Fritz, J. J.. Smithsonian Environmental Research Center, firstname.lastname@example.org
Neale, P. J.. Smithsonian Environmental Research Center, email@example.com
Davis, R. F.. Dalhousie University, firstname.lastname@example.org
SPECTRAL AND TEMPORAL DEPENDENCE OF ULTRAVIOLET (UV)-INDUCED INHIBITION OF PHOTOSYNTHESIS IN COASTAL ANTARCTIC PHYTOPLANKTON
Sensitivity of photosynthesis to UV (280-400nm) was examined in coastal Antarctic phytoplankton assemblages from October to December, 1997. Biological weighting functions (BWFs) for UV inhibition of photosynthesis were determined in surface water samples collected near Palmer Station, Antarctica (64 deg S, 64 deg W). The ratio between UVB (280-320nm) and UVA (320-400nm) weights is similar to previous Antarctic BWFs (ca. 10 for 300nm:360nm). Weights (reciprocal mW/m2) at 300 nm were approximately one order of magnitude greater than for natural cultures at McMurdo Station and varied by more than three-fold during the three month period. BWFs with lower sensitivity to UV may be due to acclimation to higher light at the end of the austral spring and to the presence of mycosporine-like amino acids. Time-course incubations under solar exposure were also conducted in enclosures which transmitted UV (UVT) or blocked UV (UVO). Cumulative uptake of carbon by cells in UVT tanks was reduced at the end of 12-hr incubations by up to 49% compared to cells in UVO tanks, and rates of photosynthesis in UVO cells always exceeded rates of those exposed to UV. Additionally, after shifting to PAR-only conditions, these assemblages were capable of partial recovery from UV exposure.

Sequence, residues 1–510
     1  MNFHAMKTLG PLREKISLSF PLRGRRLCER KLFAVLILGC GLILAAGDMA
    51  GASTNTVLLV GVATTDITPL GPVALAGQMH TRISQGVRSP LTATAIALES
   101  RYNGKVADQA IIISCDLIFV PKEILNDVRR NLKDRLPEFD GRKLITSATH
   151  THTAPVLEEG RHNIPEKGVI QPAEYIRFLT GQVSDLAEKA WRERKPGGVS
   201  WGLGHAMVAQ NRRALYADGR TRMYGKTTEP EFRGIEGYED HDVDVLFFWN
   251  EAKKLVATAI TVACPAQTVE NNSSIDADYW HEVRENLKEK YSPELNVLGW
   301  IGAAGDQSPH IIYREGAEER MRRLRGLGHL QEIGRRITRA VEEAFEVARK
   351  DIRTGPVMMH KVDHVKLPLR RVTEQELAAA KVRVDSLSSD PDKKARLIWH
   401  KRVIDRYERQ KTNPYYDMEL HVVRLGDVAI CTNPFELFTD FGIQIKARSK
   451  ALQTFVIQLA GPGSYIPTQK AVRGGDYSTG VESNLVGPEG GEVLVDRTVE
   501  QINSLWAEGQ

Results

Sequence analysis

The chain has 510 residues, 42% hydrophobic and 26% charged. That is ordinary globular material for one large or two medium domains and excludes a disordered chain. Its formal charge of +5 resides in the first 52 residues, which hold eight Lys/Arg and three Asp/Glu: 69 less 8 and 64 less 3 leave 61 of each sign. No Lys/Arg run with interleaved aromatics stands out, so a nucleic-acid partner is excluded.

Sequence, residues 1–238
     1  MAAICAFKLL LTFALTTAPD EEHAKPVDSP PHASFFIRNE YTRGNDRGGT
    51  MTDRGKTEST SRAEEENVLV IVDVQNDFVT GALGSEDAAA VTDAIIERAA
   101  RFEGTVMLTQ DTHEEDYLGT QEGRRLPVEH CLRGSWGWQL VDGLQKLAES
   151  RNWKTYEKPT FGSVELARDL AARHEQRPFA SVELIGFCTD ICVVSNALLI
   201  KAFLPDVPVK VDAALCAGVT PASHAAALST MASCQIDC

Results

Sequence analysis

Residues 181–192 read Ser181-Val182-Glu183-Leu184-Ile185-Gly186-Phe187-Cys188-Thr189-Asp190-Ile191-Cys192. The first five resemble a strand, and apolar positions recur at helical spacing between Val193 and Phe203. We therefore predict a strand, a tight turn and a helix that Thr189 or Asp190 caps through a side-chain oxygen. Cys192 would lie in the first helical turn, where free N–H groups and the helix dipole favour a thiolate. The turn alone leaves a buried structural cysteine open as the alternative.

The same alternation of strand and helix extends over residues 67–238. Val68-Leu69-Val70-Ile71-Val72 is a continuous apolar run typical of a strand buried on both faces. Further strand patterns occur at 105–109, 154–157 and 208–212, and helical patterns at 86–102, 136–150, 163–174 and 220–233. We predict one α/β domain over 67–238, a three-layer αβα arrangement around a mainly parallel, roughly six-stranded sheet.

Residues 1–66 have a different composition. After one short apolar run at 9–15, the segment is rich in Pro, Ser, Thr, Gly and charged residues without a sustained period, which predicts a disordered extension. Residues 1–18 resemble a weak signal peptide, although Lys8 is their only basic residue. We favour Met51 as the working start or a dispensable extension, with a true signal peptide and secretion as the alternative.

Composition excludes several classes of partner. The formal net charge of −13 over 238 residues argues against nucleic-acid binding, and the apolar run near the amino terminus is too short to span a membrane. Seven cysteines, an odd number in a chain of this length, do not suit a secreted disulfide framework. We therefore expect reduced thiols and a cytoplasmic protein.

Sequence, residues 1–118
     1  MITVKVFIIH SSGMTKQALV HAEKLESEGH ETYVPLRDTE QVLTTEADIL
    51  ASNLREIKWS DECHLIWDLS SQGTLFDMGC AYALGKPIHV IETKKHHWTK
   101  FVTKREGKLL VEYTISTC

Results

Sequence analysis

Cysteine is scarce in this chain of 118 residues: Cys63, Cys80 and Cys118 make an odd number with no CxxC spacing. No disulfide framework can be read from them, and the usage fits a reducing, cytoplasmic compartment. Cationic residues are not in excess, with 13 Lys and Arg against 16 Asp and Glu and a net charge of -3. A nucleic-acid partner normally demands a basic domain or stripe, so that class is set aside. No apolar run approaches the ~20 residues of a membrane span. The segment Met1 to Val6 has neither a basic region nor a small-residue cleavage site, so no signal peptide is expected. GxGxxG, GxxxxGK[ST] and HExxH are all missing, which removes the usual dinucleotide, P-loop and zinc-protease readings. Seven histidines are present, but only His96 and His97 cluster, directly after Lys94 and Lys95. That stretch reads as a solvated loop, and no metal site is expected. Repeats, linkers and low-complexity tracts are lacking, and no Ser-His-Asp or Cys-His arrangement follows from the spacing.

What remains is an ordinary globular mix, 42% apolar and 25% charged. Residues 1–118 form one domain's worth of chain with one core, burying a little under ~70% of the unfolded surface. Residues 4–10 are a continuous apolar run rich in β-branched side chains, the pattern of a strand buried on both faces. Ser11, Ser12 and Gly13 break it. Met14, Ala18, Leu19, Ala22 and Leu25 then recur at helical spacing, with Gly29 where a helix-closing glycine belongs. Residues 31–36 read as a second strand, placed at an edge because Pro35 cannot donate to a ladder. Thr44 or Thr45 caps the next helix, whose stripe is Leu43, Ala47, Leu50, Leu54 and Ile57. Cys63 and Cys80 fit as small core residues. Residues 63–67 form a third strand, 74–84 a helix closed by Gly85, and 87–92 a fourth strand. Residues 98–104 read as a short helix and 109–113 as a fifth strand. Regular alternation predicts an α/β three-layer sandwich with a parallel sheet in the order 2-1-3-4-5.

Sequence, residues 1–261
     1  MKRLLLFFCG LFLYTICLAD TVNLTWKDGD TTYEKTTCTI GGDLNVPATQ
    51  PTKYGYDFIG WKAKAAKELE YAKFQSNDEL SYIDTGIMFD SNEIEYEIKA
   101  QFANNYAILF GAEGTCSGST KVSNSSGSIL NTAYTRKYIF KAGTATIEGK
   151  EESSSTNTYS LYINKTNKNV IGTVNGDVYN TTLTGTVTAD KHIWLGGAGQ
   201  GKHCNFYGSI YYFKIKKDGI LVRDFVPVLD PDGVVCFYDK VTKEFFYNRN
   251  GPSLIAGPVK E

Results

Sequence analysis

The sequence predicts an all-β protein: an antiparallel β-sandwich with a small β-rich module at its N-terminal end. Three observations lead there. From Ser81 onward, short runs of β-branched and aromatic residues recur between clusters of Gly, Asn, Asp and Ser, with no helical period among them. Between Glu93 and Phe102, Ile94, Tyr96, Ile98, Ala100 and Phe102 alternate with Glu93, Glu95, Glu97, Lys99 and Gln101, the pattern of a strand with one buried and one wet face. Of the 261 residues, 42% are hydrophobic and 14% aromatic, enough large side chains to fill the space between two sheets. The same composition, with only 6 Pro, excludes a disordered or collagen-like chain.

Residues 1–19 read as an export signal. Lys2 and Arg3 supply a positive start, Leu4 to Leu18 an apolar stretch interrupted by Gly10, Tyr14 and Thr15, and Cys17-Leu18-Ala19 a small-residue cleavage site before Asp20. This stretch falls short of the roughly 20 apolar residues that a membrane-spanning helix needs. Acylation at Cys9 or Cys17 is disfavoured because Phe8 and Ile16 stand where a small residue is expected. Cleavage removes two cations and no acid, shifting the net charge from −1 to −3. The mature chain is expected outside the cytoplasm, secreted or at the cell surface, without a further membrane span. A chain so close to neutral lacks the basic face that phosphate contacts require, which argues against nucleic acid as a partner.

Day: Wednesday, Feb. 3
Time: 11:15 - 11:30am
Location: Sweeney Center